In 1989, footballer Laurie Cunningham’s life was cut short by a car crash on the outskirts of Madrid. He was 33 years old.
By that time Cunningham had notched up a series of sporting firsts which resonated through the wider culture: a teenage signing to east London team Leyton Orient, Cunningham was the first black player to represent England (in 1977 as an under-21, scoring a winning goal against Scotland) and the first Englishman to play for Spanish giants Real Madrid (in 1979).
The subject of a mid-70s Sunday Times Magazine cover story, Cunningham was also an early example of the pop culture footballer, a north London soul boy interested in highly stylised personal presentation and fully engaged with London’s emerging club scene.
Born in Archway to Jamaican immigrant parents, like his hero Fred Astaire, Cunningham delighted in dancing, winning cash prizes for his moves out on the floor, and was keen on bespoke tailoring (accessorised with hats and shoes bought in Camden Market).
In the Sunday Times piece, journalist Brian Glanville noted that Cunningham designed his own clothes, painted portraits and was redesigning the interior of his car: “If there is a doubt about his future success in football, it may reside precisely in this relaxed versatility, this pleasure in the variety of life.”
Professionally, Cunningham benefited from the forward thinking of George Petchey, the Orient manager who signed him and four other black players at a time when people of colour were not fairly represented (the Sunday Times listed just 22 who had broken through by the mid-70s).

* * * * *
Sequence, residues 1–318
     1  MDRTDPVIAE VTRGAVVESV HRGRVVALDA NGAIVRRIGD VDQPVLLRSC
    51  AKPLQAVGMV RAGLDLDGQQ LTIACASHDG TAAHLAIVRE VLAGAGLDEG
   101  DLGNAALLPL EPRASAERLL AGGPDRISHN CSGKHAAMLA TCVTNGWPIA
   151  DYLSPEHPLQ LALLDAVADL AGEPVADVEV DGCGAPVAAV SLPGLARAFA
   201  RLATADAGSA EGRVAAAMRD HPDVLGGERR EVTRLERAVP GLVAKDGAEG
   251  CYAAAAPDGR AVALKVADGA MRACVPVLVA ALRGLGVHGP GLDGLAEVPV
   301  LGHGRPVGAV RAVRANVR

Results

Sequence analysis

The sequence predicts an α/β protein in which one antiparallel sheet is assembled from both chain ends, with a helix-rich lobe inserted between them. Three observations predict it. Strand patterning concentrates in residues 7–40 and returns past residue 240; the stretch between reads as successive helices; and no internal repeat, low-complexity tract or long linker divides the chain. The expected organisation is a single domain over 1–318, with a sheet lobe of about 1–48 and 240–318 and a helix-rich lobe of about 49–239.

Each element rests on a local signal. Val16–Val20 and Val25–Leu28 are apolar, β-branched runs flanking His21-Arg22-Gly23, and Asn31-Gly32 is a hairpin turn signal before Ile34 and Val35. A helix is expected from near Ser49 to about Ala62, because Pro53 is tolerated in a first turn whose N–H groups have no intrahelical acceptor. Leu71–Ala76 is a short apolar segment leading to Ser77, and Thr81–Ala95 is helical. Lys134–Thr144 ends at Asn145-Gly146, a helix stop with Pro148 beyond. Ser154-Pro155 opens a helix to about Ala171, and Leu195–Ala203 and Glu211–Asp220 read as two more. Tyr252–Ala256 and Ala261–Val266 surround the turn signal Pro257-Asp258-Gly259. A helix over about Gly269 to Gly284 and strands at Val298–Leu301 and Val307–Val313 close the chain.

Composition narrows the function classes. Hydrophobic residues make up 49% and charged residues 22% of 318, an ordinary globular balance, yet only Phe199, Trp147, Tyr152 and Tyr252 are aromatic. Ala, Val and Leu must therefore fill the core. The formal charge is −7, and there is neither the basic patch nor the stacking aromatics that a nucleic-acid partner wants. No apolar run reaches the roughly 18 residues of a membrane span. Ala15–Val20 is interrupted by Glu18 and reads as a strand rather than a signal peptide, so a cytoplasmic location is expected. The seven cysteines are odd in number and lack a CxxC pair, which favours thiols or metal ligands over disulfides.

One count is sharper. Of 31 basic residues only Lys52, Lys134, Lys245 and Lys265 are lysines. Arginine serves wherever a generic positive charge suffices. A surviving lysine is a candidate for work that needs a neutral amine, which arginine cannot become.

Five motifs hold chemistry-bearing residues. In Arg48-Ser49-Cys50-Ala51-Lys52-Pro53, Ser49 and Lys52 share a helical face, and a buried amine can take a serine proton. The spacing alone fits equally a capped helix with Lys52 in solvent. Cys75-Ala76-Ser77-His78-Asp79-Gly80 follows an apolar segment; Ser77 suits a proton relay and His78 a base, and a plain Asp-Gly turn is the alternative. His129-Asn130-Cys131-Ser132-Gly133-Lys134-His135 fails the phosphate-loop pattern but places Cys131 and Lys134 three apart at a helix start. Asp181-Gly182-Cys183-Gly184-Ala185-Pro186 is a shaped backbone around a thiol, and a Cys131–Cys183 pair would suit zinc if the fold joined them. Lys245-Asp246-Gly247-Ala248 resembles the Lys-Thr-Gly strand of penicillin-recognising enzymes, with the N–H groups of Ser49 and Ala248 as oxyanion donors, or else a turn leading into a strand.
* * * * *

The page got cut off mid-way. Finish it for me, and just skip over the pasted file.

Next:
Now journalist Dermot Kavanagh is paying tribute to this largely forgotten but hugely significant and attractive figure with a project which will include an exhibition in Cunningham’s neighbouring locale Islington next year.
“I hope to raise awareness about Laurie and his story, which I think is radical and very British, one which deserves to be brought to the attention of a contemporary audience,” says Kavanagh.
He has made contact with Cunningham’s circle but is also seeking information and background detail from those who associated and socialised with the flamboyant footballer in the period from 1972 to 1979 (Cunningham left London for the Midlands to play for West Bromwich Albion in 1977 but returned to the capital regularly before joining Real Madrid).
“I’d really like to draw local people out, those who knew Laurie and grew up with him, as well as those on the London soul scene at the time,” says Kavanagh.
If you ever came across Laurie Cunningham personally or feel you have a contribution to make to Dermot Kavanagh’s project, contact him via this blog.
Taken from this post:
In search of Laurie Cunningham, flamboyant footballer + north London soul boy